I have worked on this piece off and on and never really felt like it sounded good, just a lot of wobbly mud really. :p However, I play a version of the main theme, called the Sacrifice, which has a greatly simplified RH. Although this is probably the easiest piece I play, it's also one of the most popular, and I always enjoy playing it. If you're interested, it's on my web page. I am planning on putting up a few Xmas pieces, so if I don't have enough space it might be gone after Sunday, but take a look if you like.
Posted by: geek in the pink

Re: The Heart Asks Pleasure First - How difficult? - 12/16/05 05:56 AM

Wonderful playing Shiro! You wouldn't happen to have a pdf file of the score would you \:\) ? Heh, I'll search for it online.
Posted by: Bird

Re: The Heart Asks Pleasure First - How difficult? - 12/18/05 09:27 AM

Thanks for the good suggestions, Euan Morrison. It's similar to how I have been working on it so far. I agree, it's truly inspiring everytime I learn new bits of the piece.
...and thanks for giving me a laugh every time I read your Homer quote, it's brilliant!

ShiroKuro, thanks for the good advice, the version that you have on your webpage sounds really nice, laidback and contemplative, and it's one of the things that I like about this piece, that you can improvise freely over it with variations and it's keeps its beauty, be it simple or complex.
I'm working on the full version with the complex LH playing, since I'd really like to be able play it like this. The whole piece sounds like a river, and I'd like to develop this flow in my playing.
I've noticed too that it easily sounds like mud and one has to focus on the melody. It's really a challenge, since it's hard to distribute dynamics evenly with all the fingers playing rapidly and sort of towards each other. But it's very gratifying also - as soon as I get to a new level with it it just puts a big smile on my face \:\)
Posted by: Chris H.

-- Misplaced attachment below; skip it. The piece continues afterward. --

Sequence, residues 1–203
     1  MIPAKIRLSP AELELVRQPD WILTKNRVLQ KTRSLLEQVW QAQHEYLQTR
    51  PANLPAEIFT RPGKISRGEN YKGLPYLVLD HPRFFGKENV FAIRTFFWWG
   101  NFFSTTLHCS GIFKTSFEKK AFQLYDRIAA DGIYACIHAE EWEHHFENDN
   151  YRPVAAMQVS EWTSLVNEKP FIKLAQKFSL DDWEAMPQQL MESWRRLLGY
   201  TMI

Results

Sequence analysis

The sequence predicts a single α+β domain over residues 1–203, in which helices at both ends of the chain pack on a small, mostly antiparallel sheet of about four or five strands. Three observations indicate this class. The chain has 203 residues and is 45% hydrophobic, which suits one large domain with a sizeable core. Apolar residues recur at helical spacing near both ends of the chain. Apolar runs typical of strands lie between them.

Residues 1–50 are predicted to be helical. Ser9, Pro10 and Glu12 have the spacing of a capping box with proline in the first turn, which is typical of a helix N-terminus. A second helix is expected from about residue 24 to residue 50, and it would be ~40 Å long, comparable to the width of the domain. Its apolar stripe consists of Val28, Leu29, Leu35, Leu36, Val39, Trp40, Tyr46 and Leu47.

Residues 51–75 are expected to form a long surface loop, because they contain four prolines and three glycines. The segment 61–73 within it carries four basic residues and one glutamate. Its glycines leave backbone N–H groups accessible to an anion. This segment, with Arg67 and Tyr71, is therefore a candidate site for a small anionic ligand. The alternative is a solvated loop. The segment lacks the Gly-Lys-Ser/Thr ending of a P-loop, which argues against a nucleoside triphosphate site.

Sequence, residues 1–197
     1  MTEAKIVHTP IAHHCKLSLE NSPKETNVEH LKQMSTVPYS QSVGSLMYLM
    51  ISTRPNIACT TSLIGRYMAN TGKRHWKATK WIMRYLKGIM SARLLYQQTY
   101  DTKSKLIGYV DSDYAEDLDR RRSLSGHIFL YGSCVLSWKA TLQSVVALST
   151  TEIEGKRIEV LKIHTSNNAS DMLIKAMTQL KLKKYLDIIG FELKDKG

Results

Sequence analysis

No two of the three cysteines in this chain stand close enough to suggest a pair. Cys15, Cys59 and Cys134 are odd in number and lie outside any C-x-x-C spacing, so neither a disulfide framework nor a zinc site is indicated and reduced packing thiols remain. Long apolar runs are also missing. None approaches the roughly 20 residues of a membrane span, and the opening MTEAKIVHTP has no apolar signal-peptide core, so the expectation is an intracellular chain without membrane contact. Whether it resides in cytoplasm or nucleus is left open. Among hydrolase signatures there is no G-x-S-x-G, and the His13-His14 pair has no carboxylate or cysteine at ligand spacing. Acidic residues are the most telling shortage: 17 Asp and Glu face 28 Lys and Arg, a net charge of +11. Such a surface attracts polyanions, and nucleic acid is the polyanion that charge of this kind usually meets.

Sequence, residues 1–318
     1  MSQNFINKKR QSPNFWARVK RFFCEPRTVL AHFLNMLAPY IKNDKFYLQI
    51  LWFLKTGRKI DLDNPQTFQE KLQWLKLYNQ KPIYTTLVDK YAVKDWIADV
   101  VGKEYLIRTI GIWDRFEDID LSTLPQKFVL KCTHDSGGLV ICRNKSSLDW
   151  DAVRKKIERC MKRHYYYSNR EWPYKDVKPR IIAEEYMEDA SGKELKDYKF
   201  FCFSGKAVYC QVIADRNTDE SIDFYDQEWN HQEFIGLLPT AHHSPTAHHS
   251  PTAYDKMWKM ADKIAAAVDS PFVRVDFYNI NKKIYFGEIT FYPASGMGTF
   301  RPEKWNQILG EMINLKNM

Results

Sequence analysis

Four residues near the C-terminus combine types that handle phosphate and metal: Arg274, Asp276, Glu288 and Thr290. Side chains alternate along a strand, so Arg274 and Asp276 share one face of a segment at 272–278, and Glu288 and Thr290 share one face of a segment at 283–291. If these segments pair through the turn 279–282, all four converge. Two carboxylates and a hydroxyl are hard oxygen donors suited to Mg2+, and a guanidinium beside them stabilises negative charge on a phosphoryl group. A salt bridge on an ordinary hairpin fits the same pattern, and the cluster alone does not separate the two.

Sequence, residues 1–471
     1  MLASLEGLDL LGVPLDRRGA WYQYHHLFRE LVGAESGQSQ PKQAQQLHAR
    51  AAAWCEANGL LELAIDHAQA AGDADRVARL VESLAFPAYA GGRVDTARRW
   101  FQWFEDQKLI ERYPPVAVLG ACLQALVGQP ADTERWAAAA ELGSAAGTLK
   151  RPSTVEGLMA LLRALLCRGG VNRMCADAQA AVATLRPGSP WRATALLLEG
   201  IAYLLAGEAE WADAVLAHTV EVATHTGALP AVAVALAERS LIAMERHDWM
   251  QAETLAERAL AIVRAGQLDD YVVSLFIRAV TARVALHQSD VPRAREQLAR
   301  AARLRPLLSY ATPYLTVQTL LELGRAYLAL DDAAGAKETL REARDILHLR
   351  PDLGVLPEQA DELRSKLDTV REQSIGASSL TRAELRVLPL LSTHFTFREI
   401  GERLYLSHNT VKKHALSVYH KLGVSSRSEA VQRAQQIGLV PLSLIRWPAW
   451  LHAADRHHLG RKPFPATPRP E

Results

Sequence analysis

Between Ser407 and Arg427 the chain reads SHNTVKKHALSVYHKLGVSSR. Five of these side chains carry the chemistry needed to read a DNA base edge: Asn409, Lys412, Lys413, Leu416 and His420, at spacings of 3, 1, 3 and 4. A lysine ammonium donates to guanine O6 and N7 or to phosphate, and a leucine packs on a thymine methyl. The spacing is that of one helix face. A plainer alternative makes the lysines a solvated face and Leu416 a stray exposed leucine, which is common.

Re: The Heart Asks Pleasure First - How difficult? - 12/18/05 03:52 PM

I have a young student who was inspired to learn the piano by this piece. It is intermediate standard (around ABRSM grade 4-5 if that helps). This particular lad didn't start with T.H.A.P.F. as it is not a beginner piece but his determination to play it helped him to achieve that standard quicker than most. If you want it enough you will get there.
Posted by: Dorrie

Re: The Heart Asks Pleasure First - How difficult? - 12/18/05 04:19 PM

Shiro -

Do you have a citation for a simplified verison of this piece?

Dorrie
Posted by: ShiroKuro

Re: The Heart Asks Pleasure First - How difficult? - 12/19/05 12:17 AM

Dorrie, and Geek in the Pink, I got this from a Japanese publisher and as far as I know it's not available anymore in Japan, let alone elsewhere \:\(

Bird, does your score have the complex RH as well? That's what I could never get un-muddied, that the RH and the LH are in constant arpeggios and the melody would always get lost in my RH jibberish.
Posted by: Bird

Re: The Heart Asks Pleasure First - How difficult? - 12/19/05 03:44 AM

ShiroKuro, yes, my score has the complex RH as well. It sounds muddy when I play it, I haven't got it right yet. But if I listen to the original recording, both LH and RH are very low-key except for the RH lead melody, and it seems that the RH arpeggios are the lowest in volume. Good control over the dynamics for both hands is probably the key to it, which is difficult with everything that's going on simultaneously. But that's what I like about this piece, eventually I will find the flow and then all the muddled notes will become a waving river.